Response to a Facebook post from Yolanda Soryl on the 11 April 2021 by Sharon Scurr, Founder of the deb.

Dear Yolanda Soryl, 

I am writing this in response to your post on your Facebook page on 11 April 2021. To say I am shocked is an understatement. 

I want to unpack what you wrote to help clarify the actual facts as there seems to be a little confusion on your part about what Structured Literacy is and what the Science of Reading is. 

First let me point out I have no financial gain in supporting Structured Literacy or the Science of Reading. My only interest is for children who struggle with reading, spelling and writing. 

The reason you are getting enquiries about the Science of Reading is because worldwide it’s been proven to be the best approach for all kids, including dyslexic kids and kids who struggle. There are over 40 years of scientific peer-reviewed studies worldwide proving it works. I can attach as many study links and articles as you want; I have 100’s. 

I agree you are an advocate for phonics, you created a programme that up until now most schools purchased as it did indeed tick the phonics box. 

But here is the bit that I need to clarify: a systematic, explicit phonics programme that is taught in isolation and used alongside balanced literacy is not the same as a good explicit, systematic, synthetic phonics approach that teaches the 44 sounds and the spelling of the sounds and words as part of the approach. I can name a few programmes if you like, but I am sure you can see where I am going. 

As for hijacking the term Structured Literacy, you might be interested to know the International Association of Dyslexia coined the term. 

The term “Structured Literacy” is not designed to replace Orton Gillingham, Multi-Sensory or other terms in common use. It is an umbrella term designed to describe all of the programmes that teach reading in essentially the same way.

Since you enjoy attaching links, here is one on Structured Literacy; it explains what it is and, as you can see, it is more than phonics. I encourage you to take the time to read this, it’s an excellent read: 

Structured Literacy: Effective Instruction for Students with Dyslexia and Related Reading Difficulties

Here is another link to an explanation of the Science of Reading

I will summarise the main components for you: 

  • Phonological Awareness 
  • The Alphabetical Code – I prefer this name as then there is no mistake about what phonics approach should be used. 
  • Fluency 
  • Vocabulary 
  • Comprehension 

As for the “cheek” of the educationalists measuring the Science of Reading, it’s a little more detailed than that.

Let me clarify, we NOW know how the brain learns to read, it’s not by guessing or by magic or by using the MSV with an add-on of phonics. All brains learn the same way. I will repeat that: ALL BRAINS learn to read the same way.

I suggest you watch this video by Stanislas Dehaene, a French cognitive neuroscientist, called “How the brain learns to read”:

Your concern about “research” used is an interesting statement because the Science of Reading has evidence-based research that has been peer reviewed for 40 years. Which is very different to just “research.”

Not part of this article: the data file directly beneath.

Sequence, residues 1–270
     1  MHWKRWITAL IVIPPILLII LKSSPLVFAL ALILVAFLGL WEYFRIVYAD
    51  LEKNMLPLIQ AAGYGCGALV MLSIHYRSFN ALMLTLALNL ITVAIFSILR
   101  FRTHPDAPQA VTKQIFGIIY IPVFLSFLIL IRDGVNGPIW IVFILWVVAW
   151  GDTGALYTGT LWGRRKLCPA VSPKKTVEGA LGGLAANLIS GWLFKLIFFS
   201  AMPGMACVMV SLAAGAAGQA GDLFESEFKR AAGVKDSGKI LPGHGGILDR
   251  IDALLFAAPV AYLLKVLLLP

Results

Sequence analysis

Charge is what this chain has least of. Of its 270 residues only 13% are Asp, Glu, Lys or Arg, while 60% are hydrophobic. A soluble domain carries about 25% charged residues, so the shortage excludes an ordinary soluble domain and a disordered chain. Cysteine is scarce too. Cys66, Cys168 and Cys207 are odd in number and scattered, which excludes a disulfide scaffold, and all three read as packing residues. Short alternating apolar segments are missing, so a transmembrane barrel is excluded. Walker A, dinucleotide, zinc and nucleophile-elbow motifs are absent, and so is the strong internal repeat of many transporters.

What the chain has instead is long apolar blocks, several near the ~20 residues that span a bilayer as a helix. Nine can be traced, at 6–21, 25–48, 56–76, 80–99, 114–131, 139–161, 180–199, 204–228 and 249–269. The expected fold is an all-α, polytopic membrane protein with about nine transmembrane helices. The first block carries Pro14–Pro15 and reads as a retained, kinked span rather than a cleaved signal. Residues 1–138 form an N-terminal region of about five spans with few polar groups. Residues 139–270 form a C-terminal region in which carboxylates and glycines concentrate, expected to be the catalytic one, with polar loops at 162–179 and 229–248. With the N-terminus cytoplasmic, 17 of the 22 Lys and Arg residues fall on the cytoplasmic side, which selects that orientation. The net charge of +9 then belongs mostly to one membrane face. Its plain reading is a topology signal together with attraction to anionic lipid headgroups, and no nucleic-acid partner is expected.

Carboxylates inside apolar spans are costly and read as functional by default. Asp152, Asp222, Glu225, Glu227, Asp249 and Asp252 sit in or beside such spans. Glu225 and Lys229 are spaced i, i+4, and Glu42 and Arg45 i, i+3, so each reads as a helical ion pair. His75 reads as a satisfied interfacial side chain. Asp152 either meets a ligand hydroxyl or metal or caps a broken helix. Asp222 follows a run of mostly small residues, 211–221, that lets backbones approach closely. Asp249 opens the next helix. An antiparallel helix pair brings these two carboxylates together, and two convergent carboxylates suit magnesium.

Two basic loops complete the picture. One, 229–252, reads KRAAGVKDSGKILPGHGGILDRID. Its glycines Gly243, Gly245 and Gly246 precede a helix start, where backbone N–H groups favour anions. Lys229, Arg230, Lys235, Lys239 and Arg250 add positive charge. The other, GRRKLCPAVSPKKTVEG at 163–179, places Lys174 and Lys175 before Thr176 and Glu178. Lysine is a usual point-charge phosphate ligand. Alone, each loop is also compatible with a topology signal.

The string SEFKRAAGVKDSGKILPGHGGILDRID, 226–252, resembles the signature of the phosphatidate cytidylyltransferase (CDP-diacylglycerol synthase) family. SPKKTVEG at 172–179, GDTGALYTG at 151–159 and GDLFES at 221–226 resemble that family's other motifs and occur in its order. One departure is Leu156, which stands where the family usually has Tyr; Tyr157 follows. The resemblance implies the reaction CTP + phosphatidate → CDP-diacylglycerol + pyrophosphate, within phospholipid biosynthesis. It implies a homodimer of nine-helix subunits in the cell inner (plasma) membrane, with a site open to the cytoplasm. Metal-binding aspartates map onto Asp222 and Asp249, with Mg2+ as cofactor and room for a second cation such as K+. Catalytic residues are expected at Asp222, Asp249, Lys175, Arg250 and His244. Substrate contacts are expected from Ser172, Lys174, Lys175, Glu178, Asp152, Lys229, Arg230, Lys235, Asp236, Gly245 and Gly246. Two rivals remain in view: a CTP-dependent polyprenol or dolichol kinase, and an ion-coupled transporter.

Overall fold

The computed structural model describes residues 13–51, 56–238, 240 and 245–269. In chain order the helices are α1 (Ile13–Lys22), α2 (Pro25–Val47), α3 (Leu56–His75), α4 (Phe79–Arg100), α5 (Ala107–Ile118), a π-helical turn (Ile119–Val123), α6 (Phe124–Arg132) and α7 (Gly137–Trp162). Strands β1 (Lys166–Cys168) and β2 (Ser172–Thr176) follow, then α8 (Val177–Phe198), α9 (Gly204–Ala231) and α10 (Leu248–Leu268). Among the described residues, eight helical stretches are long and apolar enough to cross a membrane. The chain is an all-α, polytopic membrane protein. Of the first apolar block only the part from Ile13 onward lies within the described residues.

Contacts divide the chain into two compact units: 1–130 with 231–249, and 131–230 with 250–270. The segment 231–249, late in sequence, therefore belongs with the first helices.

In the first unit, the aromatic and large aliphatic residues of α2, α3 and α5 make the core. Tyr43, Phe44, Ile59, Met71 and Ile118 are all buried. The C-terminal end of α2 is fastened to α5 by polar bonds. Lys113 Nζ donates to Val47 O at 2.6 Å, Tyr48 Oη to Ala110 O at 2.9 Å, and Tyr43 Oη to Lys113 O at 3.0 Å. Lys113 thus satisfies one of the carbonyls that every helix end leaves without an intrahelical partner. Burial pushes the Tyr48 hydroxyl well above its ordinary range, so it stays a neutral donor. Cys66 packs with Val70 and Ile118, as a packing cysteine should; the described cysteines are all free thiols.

In regards to your statement that “spending lots of money on a cure worries you,” I am sure it does, because once teachers understand the code, have a scope and sequence to follow and know how to teach structured literacy they won’t need to buy your programme. Is it the bottom line that worries you more, I wonder? It’s very easy to criticise those who teach structured literacy when we don’t understand it and feel threatened. 

To be honest, as a business woman, I was appalled to see you attack other businesses making money in the education system, because isn’t this what you do – make money from the education system? 

As a teacher of many years of experience you must see your programme doesn’t suit all kids, you must see there are improvements that can be made, and you must see your programme doesn’t work for dyslexic children and in many ways is detrimental to their learning. 

Here is the perfect visual for you to see how many are not being taught using balanced literacy: Nancy Young’s Reading Ladder     

I would like reply to you about decodable books: these books are crucial for dyslexic kids and have proven to work for all kids but, once again, you criticize something you know nothing about, because if you understood their purpose you would support them, being an “avid phonics supporter”!

I will finish with a bit about me and my son. I have a beautiful 10-year-old boy. Only a year ago he couldn’t read, write or spell. He had three years of your programme in a very good school and yet in Year 5 he still couldn’t read. No one knew what to do. How do you answer that? I have been home schooling a year and I teach Structured Literacy to my dyslexic son and I use decodable books. He can now read, spell and write. Can you just imagine (and I really want you to think about this) how different his life would have been if it was introduced in Year 1. It was your teaching and your programme that failed him! 

You made a choice Yolanda, when you posted your statement – you made it between them and us. You are the one creating sides. 

I encourage you to learn more and understand what teaching Structured Literacy is, adjust and accept change is coming from teachers, principals, the Ministry of Education and parents who are fed up with watching kids fail year after year and they can’t help them with the tools they have been given. 

It’s time for change, and now you get to decide if you get on the bus or not.


Sharon Scurr

Practicing MSL Educational Specialist (IMSLE, Aus)

Accredited Member of the Australian Dyslexia Association

AMADA Registration: 420268

Founder of the Dyslexic NZ Evidence Based Facebook Group.